Listening to women, our concerns and hopes, gives me inspiration and in turn I return to the work of unwrapping and weaving. When we sing and speak together, not only are we louder but we are clearer. We find the reverberations of truth. Really, it’s a blessing to spin and weave with others. (Aria Plus Cat)
Emotional: We can trust one another’s intuitions, providing a framework of evidence and emotional sensitivity – to recognize violence done to us and to heal ourselves; to protect ourselves and prevent future harm. We can simply recognize one another. I’m amazed by the strength both gained and given in being seen. We can validate our pain. We can anoint one another to heal, remembering our doula and midwife mothers. We can teach one another how to bear pain, not as vessels but as discharging rods. We can teach sisters how to strike out to protect ourselves. Sisters can reverberate in our fury and get in touch with our repressed passion. We can love and praise the unique beauty of our sisters, freckles and fury.
Intellectual: Again, in seeing and remembering, we can refer to our fellow sister’s work. We can criticize one another from a place of love and respect. We can catch one another when our fingers falter. We can spar with one another, teaching each other the tricks that once were used against us and disarming a strength against us. Our sister secrets can be our shared truths.
Again, feminist sisterhood exists outside of dominance/submission masochistic/sadist hierarchical relationships. Older sisters are not lords or masters over younger sisters; younger sisters are not swaddled in weakness. Sisters do not have to submit to hazing or pain to find the love of their kin. Sisterhood is not a competition for attention.
Our revolutionary task is to destroy phallic identity in men and masochistic nonidentity in women–that is, to destroy the polar realities of men and women (Our Blood by Dworkin via no status quo)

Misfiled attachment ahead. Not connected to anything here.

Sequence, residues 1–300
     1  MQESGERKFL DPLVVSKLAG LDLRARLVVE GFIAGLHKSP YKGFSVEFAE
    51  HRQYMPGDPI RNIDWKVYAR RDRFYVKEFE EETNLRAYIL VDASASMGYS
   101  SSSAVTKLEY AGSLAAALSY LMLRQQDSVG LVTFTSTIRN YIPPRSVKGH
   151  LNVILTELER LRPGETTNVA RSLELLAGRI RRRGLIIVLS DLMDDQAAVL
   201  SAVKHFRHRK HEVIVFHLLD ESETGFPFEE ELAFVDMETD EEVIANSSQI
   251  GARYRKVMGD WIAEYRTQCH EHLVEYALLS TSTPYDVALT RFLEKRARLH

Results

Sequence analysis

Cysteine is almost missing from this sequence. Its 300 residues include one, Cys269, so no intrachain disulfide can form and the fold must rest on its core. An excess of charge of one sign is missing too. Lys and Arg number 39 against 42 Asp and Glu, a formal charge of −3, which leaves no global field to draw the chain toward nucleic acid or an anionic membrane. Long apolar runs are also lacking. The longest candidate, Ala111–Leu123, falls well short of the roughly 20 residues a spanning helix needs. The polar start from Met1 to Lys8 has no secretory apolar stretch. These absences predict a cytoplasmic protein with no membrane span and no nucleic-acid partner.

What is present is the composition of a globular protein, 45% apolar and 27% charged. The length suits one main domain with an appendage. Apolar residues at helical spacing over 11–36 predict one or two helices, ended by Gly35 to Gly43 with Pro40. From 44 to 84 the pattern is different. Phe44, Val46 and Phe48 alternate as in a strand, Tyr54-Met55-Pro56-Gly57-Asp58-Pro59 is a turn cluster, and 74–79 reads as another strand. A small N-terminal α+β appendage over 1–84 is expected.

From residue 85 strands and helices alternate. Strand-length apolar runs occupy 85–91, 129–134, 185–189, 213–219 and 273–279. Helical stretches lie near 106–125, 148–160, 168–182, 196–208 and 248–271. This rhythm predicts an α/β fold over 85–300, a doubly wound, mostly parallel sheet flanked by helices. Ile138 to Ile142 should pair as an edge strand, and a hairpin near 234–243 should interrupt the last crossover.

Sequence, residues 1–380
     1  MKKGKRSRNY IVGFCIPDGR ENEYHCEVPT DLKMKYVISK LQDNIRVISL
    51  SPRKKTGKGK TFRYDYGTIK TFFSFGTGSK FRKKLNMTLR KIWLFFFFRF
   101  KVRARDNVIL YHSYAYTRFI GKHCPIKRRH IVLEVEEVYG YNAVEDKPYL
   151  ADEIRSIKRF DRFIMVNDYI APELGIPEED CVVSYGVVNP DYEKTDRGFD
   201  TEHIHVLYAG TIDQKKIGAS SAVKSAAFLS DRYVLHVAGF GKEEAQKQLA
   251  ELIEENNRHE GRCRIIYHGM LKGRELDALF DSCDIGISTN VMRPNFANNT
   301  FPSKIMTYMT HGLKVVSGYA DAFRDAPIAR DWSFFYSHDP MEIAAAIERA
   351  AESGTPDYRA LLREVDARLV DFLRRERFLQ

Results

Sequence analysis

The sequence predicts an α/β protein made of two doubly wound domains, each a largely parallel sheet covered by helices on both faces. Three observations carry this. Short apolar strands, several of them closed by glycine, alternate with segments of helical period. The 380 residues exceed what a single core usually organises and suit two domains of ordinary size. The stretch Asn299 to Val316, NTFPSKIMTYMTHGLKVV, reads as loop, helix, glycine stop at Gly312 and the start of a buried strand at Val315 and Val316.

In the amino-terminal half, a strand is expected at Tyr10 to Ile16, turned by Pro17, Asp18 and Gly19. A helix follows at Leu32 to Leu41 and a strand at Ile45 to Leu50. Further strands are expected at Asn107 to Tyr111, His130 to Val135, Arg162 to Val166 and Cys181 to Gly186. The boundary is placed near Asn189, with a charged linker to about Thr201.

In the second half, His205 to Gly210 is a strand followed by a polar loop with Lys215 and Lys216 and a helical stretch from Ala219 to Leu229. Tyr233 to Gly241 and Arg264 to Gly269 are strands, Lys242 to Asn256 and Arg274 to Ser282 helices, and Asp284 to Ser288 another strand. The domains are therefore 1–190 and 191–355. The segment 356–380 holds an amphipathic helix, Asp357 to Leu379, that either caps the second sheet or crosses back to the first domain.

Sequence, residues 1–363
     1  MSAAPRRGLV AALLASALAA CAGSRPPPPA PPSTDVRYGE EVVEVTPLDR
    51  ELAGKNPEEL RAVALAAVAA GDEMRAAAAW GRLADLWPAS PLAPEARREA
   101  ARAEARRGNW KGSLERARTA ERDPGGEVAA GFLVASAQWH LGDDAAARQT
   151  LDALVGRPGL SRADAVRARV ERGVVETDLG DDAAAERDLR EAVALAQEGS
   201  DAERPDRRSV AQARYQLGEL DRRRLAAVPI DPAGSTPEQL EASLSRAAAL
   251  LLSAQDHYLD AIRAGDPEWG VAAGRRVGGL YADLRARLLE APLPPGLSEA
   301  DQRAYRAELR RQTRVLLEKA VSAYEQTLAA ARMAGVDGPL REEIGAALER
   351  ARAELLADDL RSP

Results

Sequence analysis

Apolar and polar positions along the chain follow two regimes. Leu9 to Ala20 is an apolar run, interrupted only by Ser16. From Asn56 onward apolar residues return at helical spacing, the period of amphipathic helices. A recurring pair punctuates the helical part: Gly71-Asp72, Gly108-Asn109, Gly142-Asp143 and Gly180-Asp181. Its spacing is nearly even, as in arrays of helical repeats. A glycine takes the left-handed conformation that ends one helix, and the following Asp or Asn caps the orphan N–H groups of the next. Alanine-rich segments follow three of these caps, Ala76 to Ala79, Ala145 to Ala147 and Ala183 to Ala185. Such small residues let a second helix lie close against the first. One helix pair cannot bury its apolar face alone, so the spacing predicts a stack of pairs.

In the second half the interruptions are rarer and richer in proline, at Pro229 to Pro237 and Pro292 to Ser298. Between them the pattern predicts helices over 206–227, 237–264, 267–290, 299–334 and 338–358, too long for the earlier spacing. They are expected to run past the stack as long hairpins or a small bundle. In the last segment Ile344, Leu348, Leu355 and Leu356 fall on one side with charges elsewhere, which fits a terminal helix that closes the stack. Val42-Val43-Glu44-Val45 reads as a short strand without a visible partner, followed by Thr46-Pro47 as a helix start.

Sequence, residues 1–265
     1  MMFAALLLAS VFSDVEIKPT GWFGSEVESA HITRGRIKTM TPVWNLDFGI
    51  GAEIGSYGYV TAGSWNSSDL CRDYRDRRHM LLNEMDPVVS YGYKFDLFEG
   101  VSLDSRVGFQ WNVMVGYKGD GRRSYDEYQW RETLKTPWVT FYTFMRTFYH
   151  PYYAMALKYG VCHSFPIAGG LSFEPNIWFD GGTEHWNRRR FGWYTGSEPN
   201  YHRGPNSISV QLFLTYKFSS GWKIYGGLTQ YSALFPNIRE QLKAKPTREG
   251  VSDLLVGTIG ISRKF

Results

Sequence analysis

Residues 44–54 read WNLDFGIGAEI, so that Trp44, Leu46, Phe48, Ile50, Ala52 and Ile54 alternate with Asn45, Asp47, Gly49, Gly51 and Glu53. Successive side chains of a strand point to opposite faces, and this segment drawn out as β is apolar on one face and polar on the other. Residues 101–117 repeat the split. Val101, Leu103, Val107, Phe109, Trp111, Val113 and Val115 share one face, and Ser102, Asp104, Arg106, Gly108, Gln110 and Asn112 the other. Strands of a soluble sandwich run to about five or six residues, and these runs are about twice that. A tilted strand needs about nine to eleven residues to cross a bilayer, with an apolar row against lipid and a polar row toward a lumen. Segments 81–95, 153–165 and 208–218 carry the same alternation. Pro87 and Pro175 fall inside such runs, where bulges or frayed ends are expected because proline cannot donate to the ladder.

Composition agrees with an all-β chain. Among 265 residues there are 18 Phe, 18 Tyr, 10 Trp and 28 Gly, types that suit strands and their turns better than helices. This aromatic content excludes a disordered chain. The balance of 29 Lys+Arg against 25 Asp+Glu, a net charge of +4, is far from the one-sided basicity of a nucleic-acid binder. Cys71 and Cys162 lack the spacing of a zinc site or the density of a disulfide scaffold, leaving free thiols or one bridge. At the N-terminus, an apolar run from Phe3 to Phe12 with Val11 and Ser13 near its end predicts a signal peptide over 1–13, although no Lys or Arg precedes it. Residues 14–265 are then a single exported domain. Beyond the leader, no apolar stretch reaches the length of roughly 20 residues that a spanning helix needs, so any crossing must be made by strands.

We must be part of that “subversive or sympathetic sisterhood” that Richele was denied (intercourse, possession, Dworkin: 93).
Sisterhood become re-sisterhood.
I believe that ridding ourselves of our own deeply entrenched masochism, which takes so many tortured forms, is the first priority; it is the first deadly blow that we can strike against systematized male dominance. In effect, when we succeed in excising masochism from our own personalities and constitutions, we will be cutting the male life line to power over and against us, to male worth in contradistinction to female degradation, to male identity posited on brutally enforced female negativity–we will be cutting the male life line to manhood itself. (Our Blood by Dworking via no status quo)
To understand that no one has or can have your power, that it remains in you no matter how forbidden you feel it to be, means defying the patriarchal taboo and that’s very hard. It means claiming one’s own limited but real power and abandoning one’s inflated notion of other women’s power. It means engaging in a direct public confrontation with the patriarchy as embodied in men and men’s institutions, not concentrating on its symbolic presence in other members of the women’s community. (Power and Helplessness via Feminist Reprise)
Sisterhood is about moving beyond a sense of power over others. Resisters must have power over themselves, power to relate to and encourage others, power to control and engage with themselves, power to use for love.
Sisterhood encourages other women to do their best, not at our expense but at our interest.